Postprint version. Published in Journal of Irrigation and Drainage Engineering, December 29, 2014.
The definitive version is available at https://doi.org/10.1061/(ASCE)IR.1943-4774.0000851.
Understanding variable evapotranspiration (ET) throughout a field can help maximize yield on a per-acre basis, as well as assist with proper irrigation scheduling. The results from this study indicate that irrigation system distribution uniformity (DU) has a significant effect on the uniformity of ET during water-stressed periods. The study site involved intensely managed forage (alfalfa and winter grain hay) irrigated by center pivots being supplied with reclaimed water near Palmdale, California. During spring and early summer 2007 the center pivots were operating under deficit irrigation. In 2010, after the installation of reservoirs, water was applied to meet full evapotranspiration (ETc) demands. Using remote sensing of actual evapotranspiration, the variability in ETcfor the same pivots with the same crop was quantified. During the non-water-stressed period, ET uniformity was significantly better than during the water-stressed period (2007). The difference in uniformity was found to be attributable to irrigation system distribution uniformity. For the 540 ha used in this study, irrigation system DU was found to explain 55% of the ET nonuniformity during deficit irrigation. A method to predict the nonuniformity in ET as a result of irrigation system DU and water-stress level is presented.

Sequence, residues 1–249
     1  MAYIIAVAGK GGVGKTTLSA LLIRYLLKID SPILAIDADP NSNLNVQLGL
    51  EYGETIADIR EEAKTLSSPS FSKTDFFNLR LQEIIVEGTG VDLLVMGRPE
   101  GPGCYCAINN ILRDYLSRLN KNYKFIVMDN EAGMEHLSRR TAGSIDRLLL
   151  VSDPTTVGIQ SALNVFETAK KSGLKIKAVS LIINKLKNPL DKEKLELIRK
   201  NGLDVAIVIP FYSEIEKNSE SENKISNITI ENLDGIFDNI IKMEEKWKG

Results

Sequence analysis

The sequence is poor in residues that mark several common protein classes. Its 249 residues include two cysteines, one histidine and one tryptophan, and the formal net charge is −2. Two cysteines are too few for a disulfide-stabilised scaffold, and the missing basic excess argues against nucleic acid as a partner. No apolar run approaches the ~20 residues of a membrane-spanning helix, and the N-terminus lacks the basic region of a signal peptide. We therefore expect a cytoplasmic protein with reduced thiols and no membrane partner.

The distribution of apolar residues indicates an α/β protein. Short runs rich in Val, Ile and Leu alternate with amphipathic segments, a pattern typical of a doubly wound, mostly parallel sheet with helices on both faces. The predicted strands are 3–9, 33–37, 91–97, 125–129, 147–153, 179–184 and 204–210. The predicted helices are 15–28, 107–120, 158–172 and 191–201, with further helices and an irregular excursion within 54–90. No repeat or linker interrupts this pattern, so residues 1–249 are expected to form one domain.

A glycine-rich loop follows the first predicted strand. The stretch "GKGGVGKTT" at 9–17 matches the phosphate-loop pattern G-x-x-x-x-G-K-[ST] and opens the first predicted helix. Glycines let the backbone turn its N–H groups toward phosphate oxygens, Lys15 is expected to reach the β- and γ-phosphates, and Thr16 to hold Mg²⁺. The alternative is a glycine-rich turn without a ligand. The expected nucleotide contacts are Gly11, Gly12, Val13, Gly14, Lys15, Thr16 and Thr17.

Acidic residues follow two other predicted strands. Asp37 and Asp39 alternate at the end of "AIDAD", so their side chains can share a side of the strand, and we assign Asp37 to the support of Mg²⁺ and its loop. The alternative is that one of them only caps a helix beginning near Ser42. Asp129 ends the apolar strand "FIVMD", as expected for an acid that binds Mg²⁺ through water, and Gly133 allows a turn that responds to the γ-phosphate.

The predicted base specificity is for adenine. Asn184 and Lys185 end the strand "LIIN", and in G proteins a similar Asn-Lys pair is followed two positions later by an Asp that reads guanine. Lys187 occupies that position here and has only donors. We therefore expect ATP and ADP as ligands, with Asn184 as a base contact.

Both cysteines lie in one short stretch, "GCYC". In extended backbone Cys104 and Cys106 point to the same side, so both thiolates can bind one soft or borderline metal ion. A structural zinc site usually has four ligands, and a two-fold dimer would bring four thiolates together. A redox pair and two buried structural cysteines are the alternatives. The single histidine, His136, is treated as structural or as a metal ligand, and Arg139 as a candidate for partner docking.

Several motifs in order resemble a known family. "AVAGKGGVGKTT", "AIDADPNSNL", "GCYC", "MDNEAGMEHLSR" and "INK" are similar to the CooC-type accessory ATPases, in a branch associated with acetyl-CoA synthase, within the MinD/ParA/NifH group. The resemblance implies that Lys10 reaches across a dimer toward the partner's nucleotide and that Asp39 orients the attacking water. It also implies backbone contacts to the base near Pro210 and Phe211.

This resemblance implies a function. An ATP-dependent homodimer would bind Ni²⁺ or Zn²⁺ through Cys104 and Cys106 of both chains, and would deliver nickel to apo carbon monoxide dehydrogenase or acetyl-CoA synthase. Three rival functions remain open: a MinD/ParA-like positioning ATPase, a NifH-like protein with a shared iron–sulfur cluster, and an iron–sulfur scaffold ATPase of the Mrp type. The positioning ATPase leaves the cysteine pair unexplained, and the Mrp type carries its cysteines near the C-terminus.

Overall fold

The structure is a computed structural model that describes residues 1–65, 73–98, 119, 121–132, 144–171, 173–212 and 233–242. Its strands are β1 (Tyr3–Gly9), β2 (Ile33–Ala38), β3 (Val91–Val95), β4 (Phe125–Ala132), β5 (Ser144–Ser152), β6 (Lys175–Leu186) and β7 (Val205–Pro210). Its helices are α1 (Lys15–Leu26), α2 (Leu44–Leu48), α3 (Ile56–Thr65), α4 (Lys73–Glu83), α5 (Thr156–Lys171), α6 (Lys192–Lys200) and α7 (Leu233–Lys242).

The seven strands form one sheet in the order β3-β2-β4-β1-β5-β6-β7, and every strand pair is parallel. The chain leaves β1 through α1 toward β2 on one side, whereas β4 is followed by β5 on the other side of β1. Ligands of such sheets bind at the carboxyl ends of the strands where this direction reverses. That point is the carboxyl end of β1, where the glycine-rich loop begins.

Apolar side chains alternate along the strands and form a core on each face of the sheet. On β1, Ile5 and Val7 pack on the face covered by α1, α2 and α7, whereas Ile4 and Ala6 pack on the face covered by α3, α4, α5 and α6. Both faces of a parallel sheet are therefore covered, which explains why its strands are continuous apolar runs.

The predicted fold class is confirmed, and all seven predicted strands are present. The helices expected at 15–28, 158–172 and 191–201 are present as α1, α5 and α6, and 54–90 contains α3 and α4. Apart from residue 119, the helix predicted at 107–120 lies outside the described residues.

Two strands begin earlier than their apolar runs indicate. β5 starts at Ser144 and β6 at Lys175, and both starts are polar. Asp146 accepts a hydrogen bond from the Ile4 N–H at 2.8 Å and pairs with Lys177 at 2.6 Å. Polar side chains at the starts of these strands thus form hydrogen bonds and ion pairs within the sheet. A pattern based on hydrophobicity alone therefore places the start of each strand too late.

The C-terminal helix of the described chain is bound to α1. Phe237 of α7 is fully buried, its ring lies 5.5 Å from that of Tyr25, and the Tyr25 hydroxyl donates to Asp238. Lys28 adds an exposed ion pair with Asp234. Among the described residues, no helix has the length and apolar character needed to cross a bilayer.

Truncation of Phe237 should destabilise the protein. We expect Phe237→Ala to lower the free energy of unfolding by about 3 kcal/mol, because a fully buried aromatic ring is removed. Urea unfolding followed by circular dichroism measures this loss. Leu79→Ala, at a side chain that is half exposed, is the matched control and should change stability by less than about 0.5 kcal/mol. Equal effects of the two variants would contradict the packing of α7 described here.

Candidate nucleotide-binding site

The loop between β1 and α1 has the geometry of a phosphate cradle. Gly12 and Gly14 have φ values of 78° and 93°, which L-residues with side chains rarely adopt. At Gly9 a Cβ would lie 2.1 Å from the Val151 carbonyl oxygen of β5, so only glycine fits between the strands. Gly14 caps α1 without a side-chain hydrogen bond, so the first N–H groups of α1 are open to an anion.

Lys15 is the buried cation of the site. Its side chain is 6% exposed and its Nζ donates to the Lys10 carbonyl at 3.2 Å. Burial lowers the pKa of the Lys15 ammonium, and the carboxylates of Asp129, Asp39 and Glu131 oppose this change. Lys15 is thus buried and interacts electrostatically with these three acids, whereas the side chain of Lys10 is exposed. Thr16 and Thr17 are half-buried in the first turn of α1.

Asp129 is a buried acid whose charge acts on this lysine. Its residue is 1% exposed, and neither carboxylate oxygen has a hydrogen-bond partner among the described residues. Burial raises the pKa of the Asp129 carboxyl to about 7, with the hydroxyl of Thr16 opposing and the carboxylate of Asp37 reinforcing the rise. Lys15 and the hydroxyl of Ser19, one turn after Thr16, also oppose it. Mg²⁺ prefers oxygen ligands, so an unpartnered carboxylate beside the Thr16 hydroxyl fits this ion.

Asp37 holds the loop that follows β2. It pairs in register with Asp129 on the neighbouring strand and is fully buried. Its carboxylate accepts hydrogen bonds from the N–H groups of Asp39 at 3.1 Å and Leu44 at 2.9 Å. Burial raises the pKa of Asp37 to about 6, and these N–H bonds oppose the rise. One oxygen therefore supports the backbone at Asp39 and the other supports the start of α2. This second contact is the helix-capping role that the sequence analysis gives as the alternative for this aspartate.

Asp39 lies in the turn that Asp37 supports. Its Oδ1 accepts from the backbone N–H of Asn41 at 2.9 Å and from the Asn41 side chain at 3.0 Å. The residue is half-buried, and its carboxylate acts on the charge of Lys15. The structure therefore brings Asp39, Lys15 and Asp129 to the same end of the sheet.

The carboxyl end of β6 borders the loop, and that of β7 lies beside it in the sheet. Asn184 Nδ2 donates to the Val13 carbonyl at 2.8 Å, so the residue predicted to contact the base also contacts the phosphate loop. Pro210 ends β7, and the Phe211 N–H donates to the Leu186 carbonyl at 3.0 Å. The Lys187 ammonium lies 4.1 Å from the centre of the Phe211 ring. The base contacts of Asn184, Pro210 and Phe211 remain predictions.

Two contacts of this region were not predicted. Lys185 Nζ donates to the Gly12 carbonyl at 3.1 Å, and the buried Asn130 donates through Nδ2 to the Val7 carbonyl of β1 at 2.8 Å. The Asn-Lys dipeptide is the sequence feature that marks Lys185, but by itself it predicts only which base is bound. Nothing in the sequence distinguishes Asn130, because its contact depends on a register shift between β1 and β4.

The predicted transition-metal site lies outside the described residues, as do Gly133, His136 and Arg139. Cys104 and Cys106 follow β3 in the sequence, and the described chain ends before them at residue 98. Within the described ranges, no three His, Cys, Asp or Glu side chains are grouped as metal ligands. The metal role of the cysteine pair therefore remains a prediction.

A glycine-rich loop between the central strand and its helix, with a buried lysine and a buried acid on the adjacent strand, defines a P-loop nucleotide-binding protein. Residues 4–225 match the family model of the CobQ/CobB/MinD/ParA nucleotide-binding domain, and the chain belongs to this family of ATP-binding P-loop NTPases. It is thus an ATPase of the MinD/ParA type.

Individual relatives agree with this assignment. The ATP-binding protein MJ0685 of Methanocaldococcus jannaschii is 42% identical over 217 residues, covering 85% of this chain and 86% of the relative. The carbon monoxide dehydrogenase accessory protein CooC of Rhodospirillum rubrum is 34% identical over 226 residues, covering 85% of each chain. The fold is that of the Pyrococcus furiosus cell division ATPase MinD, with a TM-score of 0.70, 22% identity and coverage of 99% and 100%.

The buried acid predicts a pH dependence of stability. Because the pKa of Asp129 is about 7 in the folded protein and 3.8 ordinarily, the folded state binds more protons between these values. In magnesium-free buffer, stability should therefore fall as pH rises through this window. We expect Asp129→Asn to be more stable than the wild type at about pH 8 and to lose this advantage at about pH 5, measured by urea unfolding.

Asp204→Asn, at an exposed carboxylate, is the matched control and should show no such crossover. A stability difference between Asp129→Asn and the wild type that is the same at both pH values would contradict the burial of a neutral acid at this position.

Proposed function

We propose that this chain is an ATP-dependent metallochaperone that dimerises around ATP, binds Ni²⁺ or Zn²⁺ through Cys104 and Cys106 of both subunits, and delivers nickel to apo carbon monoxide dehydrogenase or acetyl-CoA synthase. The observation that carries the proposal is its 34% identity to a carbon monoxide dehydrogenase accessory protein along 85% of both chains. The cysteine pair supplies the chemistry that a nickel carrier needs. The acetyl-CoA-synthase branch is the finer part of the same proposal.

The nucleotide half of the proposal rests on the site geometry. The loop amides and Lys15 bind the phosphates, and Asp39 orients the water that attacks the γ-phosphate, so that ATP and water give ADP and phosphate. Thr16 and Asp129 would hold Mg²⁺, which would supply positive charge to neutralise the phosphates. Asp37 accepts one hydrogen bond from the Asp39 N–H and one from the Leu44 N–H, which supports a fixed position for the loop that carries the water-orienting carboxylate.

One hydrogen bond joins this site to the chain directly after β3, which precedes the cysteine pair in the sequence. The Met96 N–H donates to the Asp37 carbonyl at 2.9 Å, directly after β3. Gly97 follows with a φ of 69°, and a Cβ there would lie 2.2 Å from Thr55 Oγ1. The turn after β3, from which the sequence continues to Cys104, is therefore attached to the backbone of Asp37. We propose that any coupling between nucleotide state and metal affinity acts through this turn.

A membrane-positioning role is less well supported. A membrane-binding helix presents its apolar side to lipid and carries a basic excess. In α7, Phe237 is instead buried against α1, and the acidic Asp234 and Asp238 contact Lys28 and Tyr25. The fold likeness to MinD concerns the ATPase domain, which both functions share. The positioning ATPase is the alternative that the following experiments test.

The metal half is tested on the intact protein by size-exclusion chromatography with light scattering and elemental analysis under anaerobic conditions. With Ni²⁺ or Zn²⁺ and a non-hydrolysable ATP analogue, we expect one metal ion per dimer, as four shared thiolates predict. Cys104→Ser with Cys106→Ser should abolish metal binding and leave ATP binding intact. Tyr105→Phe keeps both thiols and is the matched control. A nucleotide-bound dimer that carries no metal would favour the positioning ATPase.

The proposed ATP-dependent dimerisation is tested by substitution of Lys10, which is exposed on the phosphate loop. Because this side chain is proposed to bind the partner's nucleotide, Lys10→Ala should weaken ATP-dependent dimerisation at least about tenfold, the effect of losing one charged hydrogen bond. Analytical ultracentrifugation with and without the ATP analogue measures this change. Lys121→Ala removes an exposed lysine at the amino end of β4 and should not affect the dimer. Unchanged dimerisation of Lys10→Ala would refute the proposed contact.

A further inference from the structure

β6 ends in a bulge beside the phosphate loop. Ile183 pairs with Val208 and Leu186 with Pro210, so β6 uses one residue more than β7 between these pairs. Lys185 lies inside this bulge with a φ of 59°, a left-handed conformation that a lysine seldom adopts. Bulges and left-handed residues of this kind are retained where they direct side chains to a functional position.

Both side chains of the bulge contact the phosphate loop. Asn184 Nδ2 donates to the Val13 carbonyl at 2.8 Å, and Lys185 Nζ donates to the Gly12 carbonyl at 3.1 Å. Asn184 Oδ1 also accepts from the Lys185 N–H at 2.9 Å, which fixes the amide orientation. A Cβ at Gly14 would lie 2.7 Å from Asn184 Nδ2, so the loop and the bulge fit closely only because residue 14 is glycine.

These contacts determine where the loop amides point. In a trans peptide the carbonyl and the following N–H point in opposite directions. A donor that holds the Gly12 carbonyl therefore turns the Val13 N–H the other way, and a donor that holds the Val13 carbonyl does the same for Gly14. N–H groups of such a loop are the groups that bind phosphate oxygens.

Bioresource and Agricultural Engineering